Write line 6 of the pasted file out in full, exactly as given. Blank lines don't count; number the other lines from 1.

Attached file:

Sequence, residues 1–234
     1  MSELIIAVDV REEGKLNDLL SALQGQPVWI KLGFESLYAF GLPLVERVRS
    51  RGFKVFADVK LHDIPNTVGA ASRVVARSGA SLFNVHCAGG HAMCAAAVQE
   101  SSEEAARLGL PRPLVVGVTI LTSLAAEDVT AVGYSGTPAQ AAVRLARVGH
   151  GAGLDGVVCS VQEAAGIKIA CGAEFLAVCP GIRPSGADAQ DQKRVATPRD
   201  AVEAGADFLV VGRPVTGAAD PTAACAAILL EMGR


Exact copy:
   201  AVEAGADFLV VGRPVTGAAD PTAACAAILL EMGR